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Su-35 to Pakistan? Maybe. Maybe Not…
April 28, 2017

Su-35 to Pakistan? Maybe. Maybe Not…

By Bilal Khan

On September 9th 2015 the news agency Sputnik International reported (link) that the Pakistan Air Force (PAF) was in talks with Russia for the purchase of the Sukhoi Su-35. Dawn News picked up the story the following day (link). The story at hand basically boils down to a statement reportedly made to journalists by Sergei Ryabkov, Russia’s Deputy Foreign Minister.

In one of my previous articles (link) I argued that while the growth in Russian-Pakistani defence relations is real, it is important to manage one’s expectations. This is not to demean the inherent strengths of the Su-35 or the value it would bring to the PAF, but at best, this whole issue is likely in its early stages, and thus liable to fall through at any time.

It would be a good idea to explore how the Su-35 would benefit the PAF. For one thing, the Su-35 possesses considerable range and payload, especially when compared to the up and coming PAF mainstay, the JF-17. For example, the ferry range of the JF-17 is 3482km (link), the Su-35’s ferry range sits at 4200km (link). In terms of take-off weight the JF-17 and Su-35 run at 12,383kg (link) and 34,500kg (link), respectively. With 12 hardpoints (or weapon stations) at its disposal (link), the Su-35 would make for a very capable strike platform. With its range and twin engine layout, the Flanker could also serve as a robust maritime operations aircraft.

It is not an exaggeration to suggest that the Su-35 is a game-changer for the PAF: The Su-35’s strike element would enable the PAF to threaten India’s northwest operating theatre, especially if said Flankers are equipped with Pakistan’s robust line-up of stand-off air-to-surface munitions. Just imagine the prospect of a Su-35 equipped with multiple air launched cruise missiles (ALCM) equipped with sub-munitions dispensers (for guided bomblets). In terms of the Pakistan’s maritime theatre, the Su-35 could serve as a potent air superiority and anti-ship platform against the Indian Navy’s surface and aerial assets, respectively. Even the Su-35’s Irbis-E radar, which can track 3m2 RCS targets at 400km (link), can enable the Su-35 to achieve considerable situational awareness, and not only would that be beneficial to the Flanker, but nearby aircraft as well (would operate akin to a mini Airborne Early Warning aircraft).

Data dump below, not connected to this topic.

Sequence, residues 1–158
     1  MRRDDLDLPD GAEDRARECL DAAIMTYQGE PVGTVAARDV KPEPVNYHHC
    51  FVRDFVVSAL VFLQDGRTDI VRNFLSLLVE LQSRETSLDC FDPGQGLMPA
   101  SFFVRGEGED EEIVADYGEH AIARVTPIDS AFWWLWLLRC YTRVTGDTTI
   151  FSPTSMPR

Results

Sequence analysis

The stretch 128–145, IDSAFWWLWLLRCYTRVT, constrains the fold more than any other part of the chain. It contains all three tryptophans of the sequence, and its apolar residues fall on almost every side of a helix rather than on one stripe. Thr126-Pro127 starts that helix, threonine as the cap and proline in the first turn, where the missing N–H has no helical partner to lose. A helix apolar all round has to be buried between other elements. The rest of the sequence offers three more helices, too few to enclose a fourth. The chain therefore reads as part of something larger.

There is no doubting the Su-35’s potential, but there should also be no delusion about the Su-35’s potential maintenance issues for the PAF. It is, at the end of the day, an entirely new fighter type that will require the PAF to lay out maintenance and operational infrastructure from the ground up. And this is not to mention the higher costs associated with flying a larger and heavier aircraft. Whether this task is insurmountable or not is a different story, one I imagine the PAF is (or will be, if the reports are accurate) most familiar with in this regard.

However, to be frank, this is not the actual issue at heart, but rather, it is the question of whether there is enough smoke in this story to infer the existence of a fire. In other words, are these stories true? In the end, the validity of this story is based on two conditions. First, if Russia’s Deputy Foreign Minister (FM) actually said that the PAF is in talks for the Su-35 and second, if the PAF is actually interested in the fighter.